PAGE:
“So many roads to ease my soul”
This year has been rainy with seven feet of rain following on this seven story mountain. Bhutan receives copious amounts of precipitation and it seems more than anywhere on earth. The land is blessed by the dragon. Today the air was perfumed with a million scents some citrus some sweet. Peculiar translucent winged insects sprang from the underbrush as songbirds gleefully darted in the canopy, just another day in Bhutan a shagrala not for humans but for animals who enjoy an intact habitat. But animals suffer a great deal to survive. I lay awake surveying the suffering both in the outer world and in my own heart. I make mountains of my mole hills when humankind shared my sickness. Some face superior physical challenges or endure more extreme mental illness. What a similar plight we all share in our illusion of separateness that we stubbornly take to the grave one free ticket to rebirth, samsara coming to a theatre near you for eternity. There are old souls and new ones I don’t know about myself. Jerry Garcia seemed like an old soul. I wonder who that soul incarnated into in this lifetime, no doubt another talented sage working for the greater good. Assuming Jerry didn’t reach enlightenment under the stress of his position how could I expect to. Whatever inklings of reclamation I gain in this turn will carry to the next. That is if I don’t fade to dust, my soul extinguished like a match. But why do I concern myself with death in the face of too much life? And why consider salvation when there’s laundry to be washed, water to be collected, and lessons to be planned. We ‘re always waiting for something but what is it?
Out in the forest I encountered those unseen creatures of the other realms including pod elves (machine elves as Terrance would say) pixies, and felt the presence of local deities. But the aforementioned entities predate such deities in a realm behind the realm behind the realm. The local Bhutanese are influenced by these other worldly beings and vice versa. The force seems particularly powerful in that last cranny of Far East Bhutan with luminous orbs zipping up and down the furrowed potato fields. They orbit our world playing with it like a toy. Perhaps the pod ones are enlightened beings where a pixie still loves the earth too much. God only knows what is really out there and for my part, despite acute sensitivity I could only perceive a trace of the action, perhaps accentuated by hunger and heat. The other night I awoke at 3 A.M with an excess of entropy (the story of my life) such moments amount to surreal anxiety (Big phone syndrome) which I remedied by stepping outside. A million faint stars pricked the carbon sky inlayed with the barely perceptible wisp of the Milky Way. The Big Dipper plunged in Tsangma’s ruin and orange lights twinkled from the inky depths of Tawang. A dog barked while a premature rooster crowed eager to begin the sterling day. The grass was wet with dew and I could only sigh. I burrowed into my sleeping bag and fell back into a fitful sleep fraught with the kind of dreams that are so similar to a twisted version of reality.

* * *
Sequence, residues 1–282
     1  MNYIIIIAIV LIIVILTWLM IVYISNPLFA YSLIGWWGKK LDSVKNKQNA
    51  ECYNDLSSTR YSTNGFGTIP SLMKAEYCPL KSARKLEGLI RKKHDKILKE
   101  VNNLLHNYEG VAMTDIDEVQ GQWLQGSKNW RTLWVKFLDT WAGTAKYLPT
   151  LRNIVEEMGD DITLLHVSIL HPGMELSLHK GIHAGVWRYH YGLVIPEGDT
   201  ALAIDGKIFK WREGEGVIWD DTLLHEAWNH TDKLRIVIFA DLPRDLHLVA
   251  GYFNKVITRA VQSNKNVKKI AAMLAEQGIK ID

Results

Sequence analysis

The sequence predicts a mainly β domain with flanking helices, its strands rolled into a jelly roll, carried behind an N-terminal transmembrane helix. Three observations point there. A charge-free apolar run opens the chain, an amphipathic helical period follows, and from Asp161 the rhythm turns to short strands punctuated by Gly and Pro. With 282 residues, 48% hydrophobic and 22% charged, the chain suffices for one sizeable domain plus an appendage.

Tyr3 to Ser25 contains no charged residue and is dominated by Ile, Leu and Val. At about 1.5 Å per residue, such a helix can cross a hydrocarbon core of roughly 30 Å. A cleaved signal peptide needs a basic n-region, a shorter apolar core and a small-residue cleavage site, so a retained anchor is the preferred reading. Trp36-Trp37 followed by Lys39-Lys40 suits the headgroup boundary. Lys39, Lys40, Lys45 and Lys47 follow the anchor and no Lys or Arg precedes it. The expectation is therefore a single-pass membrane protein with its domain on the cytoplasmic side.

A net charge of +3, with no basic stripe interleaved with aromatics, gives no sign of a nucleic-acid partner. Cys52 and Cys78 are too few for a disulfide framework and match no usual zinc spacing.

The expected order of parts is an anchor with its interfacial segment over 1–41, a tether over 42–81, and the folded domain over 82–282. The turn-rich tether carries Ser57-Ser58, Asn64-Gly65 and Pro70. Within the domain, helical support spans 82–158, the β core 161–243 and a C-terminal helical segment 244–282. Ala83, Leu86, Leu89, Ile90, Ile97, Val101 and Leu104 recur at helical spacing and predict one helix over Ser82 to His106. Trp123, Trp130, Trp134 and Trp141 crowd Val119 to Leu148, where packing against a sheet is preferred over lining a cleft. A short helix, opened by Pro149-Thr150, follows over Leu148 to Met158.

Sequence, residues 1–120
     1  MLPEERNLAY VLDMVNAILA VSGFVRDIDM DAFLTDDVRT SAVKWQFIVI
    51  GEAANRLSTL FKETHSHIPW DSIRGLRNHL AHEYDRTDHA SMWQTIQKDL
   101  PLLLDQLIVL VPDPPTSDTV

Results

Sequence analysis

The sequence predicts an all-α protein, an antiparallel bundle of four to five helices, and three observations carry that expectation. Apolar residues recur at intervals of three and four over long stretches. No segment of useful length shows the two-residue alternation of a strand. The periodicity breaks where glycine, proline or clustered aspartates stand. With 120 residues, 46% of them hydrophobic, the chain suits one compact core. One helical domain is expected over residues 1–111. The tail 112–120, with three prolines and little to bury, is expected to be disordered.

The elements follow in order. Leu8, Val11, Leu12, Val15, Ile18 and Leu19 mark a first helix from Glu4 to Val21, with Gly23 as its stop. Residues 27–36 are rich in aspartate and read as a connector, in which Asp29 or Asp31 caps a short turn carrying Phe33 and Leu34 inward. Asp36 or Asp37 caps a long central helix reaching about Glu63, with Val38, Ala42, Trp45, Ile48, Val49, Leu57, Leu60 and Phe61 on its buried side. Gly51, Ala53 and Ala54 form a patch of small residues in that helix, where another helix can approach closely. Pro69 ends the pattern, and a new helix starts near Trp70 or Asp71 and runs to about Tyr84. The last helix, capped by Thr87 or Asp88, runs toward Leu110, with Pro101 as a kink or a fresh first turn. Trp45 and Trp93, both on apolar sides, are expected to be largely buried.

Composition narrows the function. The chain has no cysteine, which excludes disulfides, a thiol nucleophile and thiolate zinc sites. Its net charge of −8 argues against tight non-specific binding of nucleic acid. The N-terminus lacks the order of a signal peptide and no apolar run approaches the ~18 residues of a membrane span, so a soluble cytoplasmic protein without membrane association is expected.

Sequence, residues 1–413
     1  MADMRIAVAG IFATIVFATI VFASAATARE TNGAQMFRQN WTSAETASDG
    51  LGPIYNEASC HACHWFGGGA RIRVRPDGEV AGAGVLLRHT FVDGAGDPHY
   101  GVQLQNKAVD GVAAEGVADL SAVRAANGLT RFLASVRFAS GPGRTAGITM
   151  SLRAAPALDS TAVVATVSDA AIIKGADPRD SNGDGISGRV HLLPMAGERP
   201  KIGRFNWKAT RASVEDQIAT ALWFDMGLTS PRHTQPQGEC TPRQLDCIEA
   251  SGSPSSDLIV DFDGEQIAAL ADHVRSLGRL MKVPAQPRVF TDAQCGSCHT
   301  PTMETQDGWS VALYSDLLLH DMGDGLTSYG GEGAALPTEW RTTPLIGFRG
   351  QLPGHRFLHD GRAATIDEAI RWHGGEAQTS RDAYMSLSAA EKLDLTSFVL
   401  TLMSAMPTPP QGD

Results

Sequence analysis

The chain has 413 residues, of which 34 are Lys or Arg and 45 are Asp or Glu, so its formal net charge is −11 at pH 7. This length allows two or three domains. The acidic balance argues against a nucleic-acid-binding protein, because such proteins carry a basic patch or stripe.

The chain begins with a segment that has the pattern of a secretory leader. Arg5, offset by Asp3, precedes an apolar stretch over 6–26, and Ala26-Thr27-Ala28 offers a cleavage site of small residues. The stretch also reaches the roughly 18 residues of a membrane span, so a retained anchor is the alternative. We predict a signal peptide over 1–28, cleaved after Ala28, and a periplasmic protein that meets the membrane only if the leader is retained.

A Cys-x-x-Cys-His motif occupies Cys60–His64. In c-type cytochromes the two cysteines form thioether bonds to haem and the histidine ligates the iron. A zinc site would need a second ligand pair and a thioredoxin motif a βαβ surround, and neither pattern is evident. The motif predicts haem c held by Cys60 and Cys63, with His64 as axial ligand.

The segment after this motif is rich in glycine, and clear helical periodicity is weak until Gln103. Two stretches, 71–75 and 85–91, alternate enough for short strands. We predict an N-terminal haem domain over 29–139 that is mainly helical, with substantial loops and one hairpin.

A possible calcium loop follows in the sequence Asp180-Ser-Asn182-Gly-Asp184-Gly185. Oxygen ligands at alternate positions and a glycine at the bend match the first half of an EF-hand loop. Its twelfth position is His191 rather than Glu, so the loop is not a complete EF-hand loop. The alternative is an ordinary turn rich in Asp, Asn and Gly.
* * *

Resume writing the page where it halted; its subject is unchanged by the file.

Back in this dimension we had an interesting meeting at school. Although students are encouraged to speak English and Dzonkha only most teachers speak sharshop in class. This is an instance as do as I say not as I do. Judging by the circumstances it’s no wonder expressing themselves in English is difficult. Thankfully the students have a proclivity for languages which is helpful. I continue to include more speaking components into my lessons and try to foster a relaxed and secure atmosphere in class to encourage participation. Planning lessons is easier than finding a pair of clean socks to wear. Despite the multitude of challenges I can emphatically state that teaching is rewarding here on a multitude of levels that extend beyond the walls of the classroom. There is a dynamic teaching here that is lacking anywhere else. Although the students can be shy an intimacy develops at a boarding school, especially with the boys who live a hundred feet away. It is a few of these boys that I will recruit to take me to Omba if Principal La will consent to it.
An Early Morning Visitor
Its five AM and I can’t go back to sleep after seeing an enormous rat in my hut. I came back from the toilet to see a black rat with huge tail scamper into my washroom. I screamed like a child and ran to my bed. Once I got up the nerve to investigate the rat had disappeared but where could it have gone. To compound my disgust a drip from the roof plopped on my head ensuring a sleepless rest of the morning.
Hope everyone out there in internet land has a rat free day...